Understanding and mitigating the aggregative response of Magpie geese on mango orchards in northern Australia

Understanding and mitigating the aggregative response of Magpie geese on mango orchards in northern Australia

The Magpie goose (Anseranas semipalmata) is a waterbird species and resident breeder of northern Australia.  Over the last decade mango farmers in northern Australia have reported Magpie Geese aggregating in ever increasing numbers within mango orchards. The birds cause damage to fruit, trees, and irrigation equipment, and is suggested to cost the industry millions of dollars. The overall goal of this project is to develop sustainable management strategies for Magpie Geese on mango orchards that align with the gained understanding of the population and behavioural dynamics of the birds. The project will comprise two complimenting protocols; the first will be an ecological monitoring study to better understand why Magpie Geese are moving from their native wetlands into mango orchards. The second will involve empirical studies to assess the effectiveness of various adverse stimuli and environmental modification to reduce bird density and bird-crop interaction. Understanding the environmental drivers of Magpie Geese movement, at both the individual and population level, is essential to understand why Magpie geese are moving from their native wetlands into mango orchards. These data are critical to reverse the current trend and develop long-term effective solutions to reducing goose numbers in Mango orchards.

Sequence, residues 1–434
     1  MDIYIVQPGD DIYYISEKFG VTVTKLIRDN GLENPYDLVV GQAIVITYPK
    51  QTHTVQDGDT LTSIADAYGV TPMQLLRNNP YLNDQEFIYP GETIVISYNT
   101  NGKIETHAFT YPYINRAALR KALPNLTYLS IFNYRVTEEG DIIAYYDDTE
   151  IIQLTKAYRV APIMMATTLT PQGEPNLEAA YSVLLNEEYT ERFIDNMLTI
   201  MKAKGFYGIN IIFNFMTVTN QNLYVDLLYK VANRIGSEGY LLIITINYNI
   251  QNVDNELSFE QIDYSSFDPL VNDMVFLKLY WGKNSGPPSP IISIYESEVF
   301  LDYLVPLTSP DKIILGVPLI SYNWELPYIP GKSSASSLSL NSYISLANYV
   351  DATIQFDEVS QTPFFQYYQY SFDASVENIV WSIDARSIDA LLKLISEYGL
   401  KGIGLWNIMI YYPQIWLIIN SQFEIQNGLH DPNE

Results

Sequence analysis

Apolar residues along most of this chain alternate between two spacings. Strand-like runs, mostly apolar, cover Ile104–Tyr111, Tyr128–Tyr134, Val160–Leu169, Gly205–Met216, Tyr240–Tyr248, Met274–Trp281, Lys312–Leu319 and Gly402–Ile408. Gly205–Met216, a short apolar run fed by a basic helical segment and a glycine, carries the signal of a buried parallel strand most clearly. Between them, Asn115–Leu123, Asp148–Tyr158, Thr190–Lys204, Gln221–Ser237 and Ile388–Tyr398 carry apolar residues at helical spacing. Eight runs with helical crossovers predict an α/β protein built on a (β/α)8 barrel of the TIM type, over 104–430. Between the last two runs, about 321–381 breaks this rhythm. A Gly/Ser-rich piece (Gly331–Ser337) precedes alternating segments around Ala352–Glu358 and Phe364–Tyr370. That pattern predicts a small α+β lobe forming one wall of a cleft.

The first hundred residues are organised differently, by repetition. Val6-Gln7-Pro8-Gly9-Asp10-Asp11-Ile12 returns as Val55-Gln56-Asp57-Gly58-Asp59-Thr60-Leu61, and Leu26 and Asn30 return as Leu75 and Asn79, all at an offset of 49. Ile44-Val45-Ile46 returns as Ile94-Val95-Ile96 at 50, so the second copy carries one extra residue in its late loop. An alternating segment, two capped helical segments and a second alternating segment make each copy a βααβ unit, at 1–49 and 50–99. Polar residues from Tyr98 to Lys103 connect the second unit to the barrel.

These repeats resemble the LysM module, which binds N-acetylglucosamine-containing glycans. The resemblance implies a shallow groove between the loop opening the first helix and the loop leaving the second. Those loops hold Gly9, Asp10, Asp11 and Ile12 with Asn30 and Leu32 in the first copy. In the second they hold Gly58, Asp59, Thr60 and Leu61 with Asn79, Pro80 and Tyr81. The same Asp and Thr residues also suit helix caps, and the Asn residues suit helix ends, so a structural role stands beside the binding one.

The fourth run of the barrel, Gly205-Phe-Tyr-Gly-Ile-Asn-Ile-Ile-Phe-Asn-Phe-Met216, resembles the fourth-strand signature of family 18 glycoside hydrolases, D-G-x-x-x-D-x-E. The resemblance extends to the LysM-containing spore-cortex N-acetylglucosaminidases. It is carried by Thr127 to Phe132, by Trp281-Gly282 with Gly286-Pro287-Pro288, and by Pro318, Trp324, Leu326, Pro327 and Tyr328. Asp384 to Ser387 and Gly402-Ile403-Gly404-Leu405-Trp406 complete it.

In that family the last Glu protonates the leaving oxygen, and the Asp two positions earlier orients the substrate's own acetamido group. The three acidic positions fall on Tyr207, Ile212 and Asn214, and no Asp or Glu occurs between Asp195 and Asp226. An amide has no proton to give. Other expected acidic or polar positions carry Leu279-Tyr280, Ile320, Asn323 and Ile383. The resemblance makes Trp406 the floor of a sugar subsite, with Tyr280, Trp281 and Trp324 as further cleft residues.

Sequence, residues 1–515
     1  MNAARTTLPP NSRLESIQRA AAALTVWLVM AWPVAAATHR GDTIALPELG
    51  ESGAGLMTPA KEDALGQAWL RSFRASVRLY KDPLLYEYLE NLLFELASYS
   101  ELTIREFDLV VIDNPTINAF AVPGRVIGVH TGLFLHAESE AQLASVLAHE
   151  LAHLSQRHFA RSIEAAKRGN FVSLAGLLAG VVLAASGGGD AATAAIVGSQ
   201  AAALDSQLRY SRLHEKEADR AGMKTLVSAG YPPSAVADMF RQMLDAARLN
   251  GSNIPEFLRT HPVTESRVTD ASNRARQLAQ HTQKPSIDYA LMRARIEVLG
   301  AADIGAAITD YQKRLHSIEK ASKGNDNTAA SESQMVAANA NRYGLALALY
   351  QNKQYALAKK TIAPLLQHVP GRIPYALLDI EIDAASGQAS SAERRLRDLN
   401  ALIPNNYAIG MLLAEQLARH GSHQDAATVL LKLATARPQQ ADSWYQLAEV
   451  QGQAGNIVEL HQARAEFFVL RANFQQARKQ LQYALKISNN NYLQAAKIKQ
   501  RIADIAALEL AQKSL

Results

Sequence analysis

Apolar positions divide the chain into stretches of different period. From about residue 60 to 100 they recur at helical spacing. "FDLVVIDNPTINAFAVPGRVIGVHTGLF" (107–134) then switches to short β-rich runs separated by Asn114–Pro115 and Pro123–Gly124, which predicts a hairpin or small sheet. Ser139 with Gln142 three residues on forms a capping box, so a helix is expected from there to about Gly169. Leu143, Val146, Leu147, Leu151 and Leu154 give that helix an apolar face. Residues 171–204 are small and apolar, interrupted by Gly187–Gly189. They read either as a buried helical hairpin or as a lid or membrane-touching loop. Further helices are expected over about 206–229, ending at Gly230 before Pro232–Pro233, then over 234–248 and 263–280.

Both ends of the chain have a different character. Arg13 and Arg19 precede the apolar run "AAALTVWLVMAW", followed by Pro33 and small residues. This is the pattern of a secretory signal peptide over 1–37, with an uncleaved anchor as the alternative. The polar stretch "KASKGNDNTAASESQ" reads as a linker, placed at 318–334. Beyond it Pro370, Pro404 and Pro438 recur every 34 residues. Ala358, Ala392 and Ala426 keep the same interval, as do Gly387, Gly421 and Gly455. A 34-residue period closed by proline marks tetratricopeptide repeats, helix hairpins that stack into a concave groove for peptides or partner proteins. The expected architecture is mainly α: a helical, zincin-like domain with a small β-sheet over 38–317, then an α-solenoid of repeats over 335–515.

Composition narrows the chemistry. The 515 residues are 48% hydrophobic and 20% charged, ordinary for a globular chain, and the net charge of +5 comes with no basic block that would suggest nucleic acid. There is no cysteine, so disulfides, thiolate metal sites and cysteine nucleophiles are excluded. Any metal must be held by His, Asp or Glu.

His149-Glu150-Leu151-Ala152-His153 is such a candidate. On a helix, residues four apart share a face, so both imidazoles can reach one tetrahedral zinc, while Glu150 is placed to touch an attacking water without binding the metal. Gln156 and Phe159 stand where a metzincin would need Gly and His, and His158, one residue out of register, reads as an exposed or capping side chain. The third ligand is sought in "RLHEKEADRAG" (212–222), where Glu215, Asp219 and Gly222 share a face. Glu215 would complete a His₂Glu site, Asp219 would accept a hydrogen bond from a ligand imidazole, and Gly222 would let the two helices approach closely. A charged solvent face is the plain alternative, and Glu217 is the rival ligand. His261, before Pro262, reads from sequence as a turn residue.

The project is led by Charles Darwin University in collaboration with the Northern Territory Department of Primary Industry and Fisheries (DPIF), the Department of Land and Resource Management (DLRM), the Parks and Wildlife Commission (PWC) and the NT Farmers’ Association (NTFA). The project will be guided by an advisory committee, whose members will be comprised of mango growers, key researchers from the above institutes and Horticulture Innovation Australia.. The majority of the on-the-ground work will be undertaken by a PhD candidate enrolled at CDU and funded under the International Post-graduate Research Scholarship program. Findings from the research will be disseminated to farmers through the advisory committee, presentations, and written materials. 

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Dr Hamish Campbell
Senior Research Fellow/Senior Lecturer

Primary research group

Savanna Wildlife Research and Conservation Management

Qualifications

Ph.D. Zoology, University of Plymouth (UK)
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Amélie Corriveau
PhD Student